Back in the 80’s and 90’s, if you told us there was a pill you could take that would prevent HIV/AIDS, the news would have been met with great celebration, overwhelming interest, and huge media coverage. So why not now? Why has the news about a medical breakthrough in HIV prevention been so cautious, so quiet? HIV has not gone away. Although the health outcomes of someone living with HIV are so much better today, the number of new cases has not gone down, people are still getting HIV, and there are more people today living with HIV in Sonoma County than ever before. The risk of getting HIV is still very real.
In June, 2012 the FDA approved the drug Truvada for use as a preventative for HIV infection for those at risk, Pre-exposure Prophlyaxis (PrEP). It had already been shown to be very effective as a post-exposure treatment (PEP) when taken in the first 72 hours after exposure. Then in May, 2014 the CDC recommended Truvada as an effective prevention option. And yet, the number of people getting prescriptions for PrEP is quite small, even in communities of people who are significant risk of getting HIV. In the Gay community there has even been stigma attached to taking PrEP with names like Truvada Whore attached to those taking the drug. This stigma, akin to that of the early years of birth control, has the unfortunate effect of suppressing healthy dialogue and discouraging those who would likely benefit.
A couple of months ago, we put together three community forums here in Sonoma County about PrEP. Although many service providers attended and learned more about it, there were almost no individuals present to explore the option for themselves. Perhaps it was too soon, or maybe it’s too personal an issue for a public dialogue. But I’m willing to bet we would have had a full house 10 or 20 years ago!
Let me break right here for a full disclaimer: Although I am an HIV Test Counselor and educator, I have no medical degree or training, and am not recommending that everyone use PrEP. This is a conversation that anyone interested should have with their doctor. It’s a very personal decision, and you need to figure out if it’s right for you.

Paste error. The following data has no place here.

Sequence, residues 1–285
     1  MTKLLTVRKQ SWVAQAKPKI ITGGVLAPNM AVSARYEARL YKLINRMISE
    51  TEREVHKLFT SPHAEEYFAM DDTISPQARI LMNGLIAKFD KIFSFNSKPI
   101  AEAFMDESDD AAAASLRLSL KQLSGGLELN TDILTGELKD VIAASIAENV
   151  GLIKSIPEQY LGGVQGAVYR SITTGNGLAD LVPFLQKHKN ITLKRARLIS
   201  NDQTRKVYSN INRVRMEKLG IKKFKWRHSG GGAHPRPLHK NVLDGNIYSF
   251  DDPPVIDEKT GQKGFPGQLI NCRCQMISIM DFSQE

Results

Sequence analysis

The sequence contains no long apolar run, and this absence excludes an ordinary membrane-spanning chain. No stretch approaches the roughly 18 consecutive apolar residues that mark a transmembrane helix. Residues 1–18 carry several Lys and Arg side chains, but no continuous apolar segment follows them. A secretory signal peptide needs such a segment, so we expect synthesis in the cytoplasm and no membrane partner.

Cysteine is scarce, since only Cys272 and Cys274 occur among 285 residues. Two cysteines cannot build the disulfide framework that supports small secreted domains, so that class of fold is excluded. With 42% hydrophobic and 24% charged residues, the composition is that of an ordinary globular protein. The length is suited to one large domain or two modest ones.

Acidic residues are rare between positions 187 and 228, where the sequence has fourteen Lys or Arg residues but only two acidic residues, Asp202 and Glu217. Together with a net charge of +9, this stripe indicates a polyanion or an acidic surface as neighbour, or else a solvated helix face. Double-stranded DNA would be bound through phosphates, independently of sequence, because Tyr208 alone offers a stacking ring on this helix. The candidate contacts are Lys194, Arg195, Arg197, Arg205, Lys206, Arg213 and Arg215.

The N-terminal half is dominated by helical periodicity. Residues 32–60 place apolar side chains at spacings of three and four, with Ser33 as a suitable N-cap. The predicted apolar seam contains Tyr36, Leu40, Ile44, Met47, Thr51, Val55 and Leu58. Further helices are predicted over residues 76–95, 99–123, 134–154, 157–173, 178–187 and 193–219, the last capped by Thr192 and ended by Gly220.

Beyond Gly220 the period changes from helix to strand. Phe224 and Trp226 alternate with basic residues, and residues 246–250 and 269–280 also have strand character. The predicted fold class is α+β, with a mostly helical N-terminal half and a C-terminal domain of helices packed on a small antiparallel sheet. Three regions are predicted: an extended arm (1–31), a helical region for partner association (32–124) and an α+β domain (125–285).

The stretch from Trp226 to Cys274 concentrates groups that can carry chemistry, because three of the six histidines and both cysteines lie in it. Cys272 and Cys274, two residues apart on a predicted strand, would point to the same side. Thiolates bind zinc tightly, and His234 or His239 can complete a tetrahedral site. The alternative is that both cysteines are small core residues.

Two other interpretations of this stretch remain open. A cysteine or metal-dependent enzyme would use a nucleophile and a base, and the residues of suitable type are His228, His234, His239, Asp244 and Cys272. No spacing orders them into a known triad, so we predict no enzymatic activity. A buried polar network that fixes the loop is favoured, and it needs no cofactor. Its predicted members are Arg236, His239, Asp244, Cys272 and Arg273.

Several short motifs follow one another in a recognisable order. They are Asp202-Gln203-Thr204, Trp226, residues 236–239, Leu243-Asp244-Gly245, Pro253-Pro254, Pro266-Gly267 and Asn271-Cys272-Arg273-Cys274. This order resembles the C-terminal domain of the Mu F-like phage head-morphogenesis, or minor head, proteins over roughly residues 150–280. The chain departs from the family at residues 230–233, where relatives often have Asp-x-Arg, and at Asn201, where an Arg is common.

How effective is PrEP? The latest studies show that Truvada is more than 90% effective of preventing HIV infection when taken daily. It needs to be taken daily to work! You can’t just take it on the weekends when you’re sexually active, or every other day to save money.
How expensive is it? It aint cheap, and this may be a barrier, but many insurance plans and MediCal are covering the cost of the prescription, and there is also a medication assistance programs from the manufacturer.
What about side effects? Most people have few or minor side effects that go away in a couple of weeks. Truvada can affect some people’s kidneys, so your doctor will monitor you kidney function to make sure you’re OK.
Is it PrEP vs condoms? No, studies show that many people using PrEP have increased their use of condoms. For them it is another layer of protection. Some people have stopped using condoms when on PrEP. Some were not using condoms consistently before, so with PrEP their level of protection has dramatically increased.
Saturday, June 9
Luther Burbank Center for the Arts
1-5pm Gates open at Noon for VIP
Each year, Beerfest is an extravaganza with more than 60 of Northern California’s best craft breweries featuring over 120 unique brews. VIP tickets enter the festival one hour before the general admission guests and take home a collectible mug.